AnonymousJuly 15, 2011 at 7:16 pm
Back when I was experiencing back pain my primary doc ordered xrays and mri’s. His recommendation at that time was for me to have back surgery. I have spinal stenosis and arthritis in my lower lumbar area. I got a second opinion and that surgeon referred me to a Neurologist, believing that there was something more at hand. That’s when I was first diagnosed with CIDP. My Neurologist told me at that time that many people have surgery with little or no improvement in their condition and that usually they were misdiagnosed. Now that the IVIG treatments have proven ineffective for me, my Neurologist is now reconsidering back surgery. Has anyone else experienced a similar diagnosis?
AnonymousJuly 15, 2011 at 7:54 pm
I know of a number of people who had unsuccessful (sometimes multiple) spinal surgeries who turned out to have CIDP. Get at least two opinions before even considering surgery. In the meantime, please read “Healing Back Pain” and/or “The Mind-Body Connection”, by Dr. John Sarno. You can find them cheap on Amazon.com. Best of luck.
AnonymousJuly 16, 2011 at 12:37 am
IVIg is not the only treatment for CIDP. Steroids such as prednisone and plasma exchange by plasmapheresis are also effective treatments, although not in everybody. I would encourage your doctor to try those first before moving on to back surgery.
Godspeed in finding a better treatment,
AnonymousJuly 18, 2011 at 9:14 pm
I’ve had numerous xrays of my back (it was first thought that my spinal stenosis was the primary cause of my nerve problems), I’ve had 2 MRI’s, 3 EMG’s, 1 Spinal Tap, tons of bloodwork. I started my quest in Dec 09, was finally diagnosed in Sept 2010, didn’t start IVIG treatments until Nov 2010.In April of 2011 I stopped treatments.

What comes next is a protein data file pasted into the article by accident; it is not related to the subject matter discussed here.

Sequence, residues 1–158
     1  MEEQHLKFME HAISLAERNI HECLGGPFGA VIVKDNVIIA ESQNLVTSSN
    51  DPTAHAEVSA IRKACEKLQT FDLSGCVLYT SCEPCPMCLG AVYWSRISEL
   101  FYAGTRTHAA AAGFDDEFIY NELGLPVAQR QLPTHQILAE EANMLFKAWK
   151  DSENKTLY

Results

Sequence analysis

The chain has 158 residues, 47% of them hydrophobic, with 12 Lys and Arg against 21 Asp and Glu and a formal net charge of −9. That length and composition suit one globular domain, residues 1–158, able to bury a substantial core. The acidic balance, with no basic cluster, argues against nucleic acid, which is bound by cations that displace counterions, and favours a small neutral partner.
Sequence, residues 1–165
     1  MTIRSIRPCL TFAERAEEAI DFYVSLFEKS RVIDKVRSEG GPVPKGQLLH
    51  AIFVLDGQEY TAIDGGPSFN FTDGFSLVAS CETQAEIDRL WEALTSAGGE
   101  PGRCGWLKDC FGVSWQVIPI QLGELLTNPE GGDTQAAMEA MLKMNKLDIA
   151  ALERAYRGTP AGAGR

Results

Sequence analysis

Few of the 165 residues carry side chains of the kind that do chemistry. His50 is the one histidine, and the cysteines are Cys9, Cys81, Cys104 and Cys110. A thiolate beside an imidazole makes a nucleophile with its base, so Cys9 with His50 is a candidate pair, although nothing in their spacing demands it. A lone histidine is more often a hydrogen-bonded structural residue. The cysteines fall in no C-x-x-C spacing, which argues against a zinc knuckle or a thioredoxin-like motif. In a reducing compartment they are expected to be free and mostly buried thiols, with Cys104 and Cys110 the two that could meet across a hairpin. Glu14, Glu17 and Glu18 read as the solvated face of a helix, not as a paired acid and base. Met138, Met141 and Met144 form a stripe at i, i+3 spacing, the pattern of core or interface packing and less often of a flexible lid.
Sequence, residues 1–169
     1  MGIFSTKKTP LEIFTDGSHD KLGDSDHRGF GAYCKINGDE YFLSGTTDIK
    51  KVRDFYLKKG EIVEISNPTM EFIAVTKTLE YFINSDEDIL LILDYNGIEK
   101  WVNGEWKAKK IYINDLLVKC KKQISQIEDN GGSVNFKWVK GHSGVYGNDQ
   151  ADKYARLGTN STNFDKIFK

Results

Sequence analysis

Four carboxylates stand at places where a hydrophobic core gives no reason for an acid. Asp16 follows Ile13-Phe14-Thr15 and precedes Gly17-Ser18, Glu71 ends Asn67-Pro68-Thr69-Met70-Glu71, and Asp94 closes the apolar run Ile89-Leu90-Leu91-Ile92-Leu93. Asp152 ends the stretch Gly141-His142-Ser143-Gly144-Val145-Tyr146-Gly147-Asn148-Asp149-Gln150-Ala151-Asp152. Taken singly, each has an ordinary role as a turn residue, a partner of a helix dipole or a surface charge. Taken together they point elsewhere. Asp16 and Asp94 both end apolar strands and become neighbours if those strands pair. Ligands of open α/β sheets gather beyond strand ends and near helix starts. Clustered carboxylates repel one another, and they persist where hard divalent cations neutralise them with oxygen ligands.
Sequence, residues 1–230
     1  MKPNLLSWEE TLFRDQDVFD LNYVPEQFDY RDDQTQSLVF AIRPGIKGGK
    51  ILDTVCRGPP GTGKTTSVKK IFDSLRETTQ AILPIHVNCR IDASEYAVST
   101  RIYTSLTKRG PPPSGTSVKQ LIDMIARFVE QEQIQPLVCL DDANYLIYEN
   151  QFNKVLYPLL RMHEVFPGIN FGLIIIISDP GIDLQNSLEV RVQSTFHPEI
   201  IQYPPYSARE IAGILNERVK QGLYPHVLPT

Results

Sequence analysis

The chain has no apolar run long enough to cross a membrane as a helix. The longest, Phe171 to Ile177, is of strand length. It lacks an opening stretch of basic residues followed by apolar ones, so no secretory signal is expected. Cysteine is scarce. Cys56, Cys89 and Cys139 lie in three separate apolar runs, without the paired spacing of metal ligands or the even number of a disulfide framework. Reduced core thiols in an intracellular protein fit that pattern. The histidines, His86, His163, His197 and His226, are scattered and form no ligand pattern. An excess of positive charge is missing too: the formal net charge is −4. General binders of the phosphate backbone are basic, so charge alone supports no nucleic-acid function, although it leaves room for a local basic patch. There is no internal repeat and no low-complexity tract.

AnonymousJuly 27, 2011 at 2:45 am
I have CIDP, and have had it for a long time. I originally thought my problem was my back. Well, I had both a bad back and a peripheral neuropathy. After a lengthy period of diagnosis, it was determined I had CIDP. But, I also had structural back problems. I had bone spurs, really bad narrowing around the spinal canal and that contributed to my overall pain and problems. It also turned out that my neck had similar disc, bone spur, and other problems.
Bottom line is that I had a disc laminectomy where the neurosurgeon trimmed back some of the ruptured disc to relieve pressure, removed a bone spur and cleaned up the whole area. I was fortunate and healed quickly. Two years later my neck problems worsened and I required a fusion at c6-c7. I had the same neurosurgeon. His work was impeccable, I healed quickly and got quite a bit of pain relief plus increased range of motion.
I did experience some discomfort right after surgery. I don’t know why, but I lost feeling in my legs after both surgeries. In each case feeling returned after a day,but it was surprising, scary, and uncomfortable. It felt like I had two stumps from my thighs down.
Each one of us will need to make decisions all the rest of our lives due to this cussed illness. Both these surgeries worked out for me without any other effects long term. I have heard from others who did not fare as well. If you need the surgery, get it. Back or neck surgery should not affect CIDP, other than the stress of the surgery.
Good luck with your decision. e-mail me if I can be of further help.
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